A slide from the April 2015 presentation for the Knight Foundation
featuring "Wikipedia Search"
The 13-page grant agreement between the WMF and the Knight Foundation was released on the Wikimedia Foundation wiki on February 11, following the Signpost's inquiry to the Knight Foundation the day before.
The Knight Foundation grant has been a contentious topic in the Wikimedia community, and ousted WMF Board of Trustees member James Heilman has alleged that his initial opposition to the grant, which he ultimately voted in favor of, was a factor in his dismissal.
Numerous questions remain about the grant, which was intended to kickstart a project formerly called the Knowledge Engine – now referred to as Wikimedia Discovery. Chief among them is the question Andreas Kolbe asked last week in the Signpost, "So, what’s a knowledge engine anyway?".
Key players have repeatedly stated what the Knowledge Engine/Discovery is not – namely, a search engine intended to compete with Google. For example:
While Heilman did not provide these documents to the Signpost
, he confirmed their authenticity and stated that these were the same documents that were released to the entire Board following pressure from him and fellow Board member Dariusz Jemielniak
, in the face of reluctance from other Board members and Tretikov. He told the Signpost
that after "other board members told us we did not need to see" them "we pushed hard to have these documents released to the Board."
We describe the documents in detail in this week's "In Focus". The earliest document, dated April 2, 2015, is a 12-slide presentation marked "FINAL". While the phrase "Knowledge Engine" does not appear, it's clear that even at this early stage, the "Wikipedia Search" referred to here was a well-developed concept. The presentation contrasts the ideals and motivations of commercial search engines – they "highlight paid results, track users' internet habits, sell information to marketing firms" – with those of "Wikipedia Search", which will be private, transparent, and globally representative. It repeatedly stresses that "No other search engines carry these ideals".
Several well-designed examples of search results follow, including the one pictured above. They prominently brand Wikipedia and feature multimedia content and multiple Wikimedia projects such as Wiktionary and Wikivoyage. The results include non-wiki sources like Fox News and Open Maps.
The June 24 document is a draft proposal for the project, by then referred to as the Knowledge Engine, which promises to be "a new global project that will once again change the way people access knowledge on the Internet", fully leveraging Wikipedia's and the WMF's resources, values, and reputation. The Knowledge Engine is described as "a federated knowledge engine that will give users the most reliable and most trustworthy public information channel on the web" that "will make the Internet’s most relevant information more accessible and openly curated, and it will create an open data engine that’s completely free of commercial interests". Knowledge Engine "will be the Internet’s first transparent search engine, and the first one that carries the reputation of Wikipedia and the Wikimedia Foundation."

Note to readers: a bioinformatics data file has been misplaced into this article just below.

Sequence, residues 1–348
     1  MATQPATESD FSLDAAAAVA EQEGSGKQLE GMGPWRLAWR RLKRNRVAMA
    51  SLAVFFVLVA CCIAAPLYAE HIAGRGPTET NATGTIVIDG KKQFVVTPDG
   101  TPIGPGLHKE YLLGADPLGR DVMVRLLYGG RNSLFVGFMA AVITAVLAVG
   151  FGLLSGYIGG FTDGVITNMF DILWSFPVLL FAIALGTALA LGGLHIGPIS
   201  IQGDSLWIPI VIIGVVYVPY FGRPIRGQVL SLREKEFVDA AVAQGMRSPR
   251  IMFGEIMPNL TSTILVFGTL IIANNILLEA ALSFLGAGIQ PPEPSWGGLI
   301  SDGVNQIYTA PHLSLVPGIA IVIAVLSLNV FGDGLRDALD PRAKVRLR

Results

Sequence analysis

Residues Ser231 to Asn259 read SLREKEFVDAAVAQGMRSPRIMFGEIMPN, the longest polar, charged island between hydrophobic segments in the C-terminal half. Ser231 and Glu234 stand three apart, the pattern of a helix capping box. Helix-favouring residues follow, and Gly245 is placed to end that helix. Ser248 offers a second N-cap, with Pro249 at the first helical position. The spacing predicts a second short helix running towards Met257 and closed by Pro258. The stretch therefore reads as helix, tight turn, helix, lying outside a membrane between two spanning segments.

The proposal divides the plan into four stages, each lasting 16–18 months. Interestingly, the first stage is called Discovery, which is the term the WMF currently uses to refer to the Knowledge Engine project. The proposal asks for US$6M from the Knight Foundation over three years. It pledges $2.4M of the WMF's own resources to the project for the current fiscal year, including eight presumably full-time engineers and two data analysts.
The final document, dated August 5, 2015, resembles the publicly released current grant agreement in many ways, including much of the same language. The grant amount has dropped to its current $250,000, but this amount is only for the first Discovery phase of the larger Knowledge Engine project. Both the amount and its designation for phase one appear in the current grant agreement.
These documents raise significant questions about how much the Knowledge Engine has actually evolved from April 2015 and what the technical and social implications of this project will be for Wikimedia.
These questions are at the heart of the current debate regarding transparency, accountability, the relationship between the WMF and the Wikimedia community, and the uncertain direction of that movement.
Make sure we cover what matters to you — leave a suggestion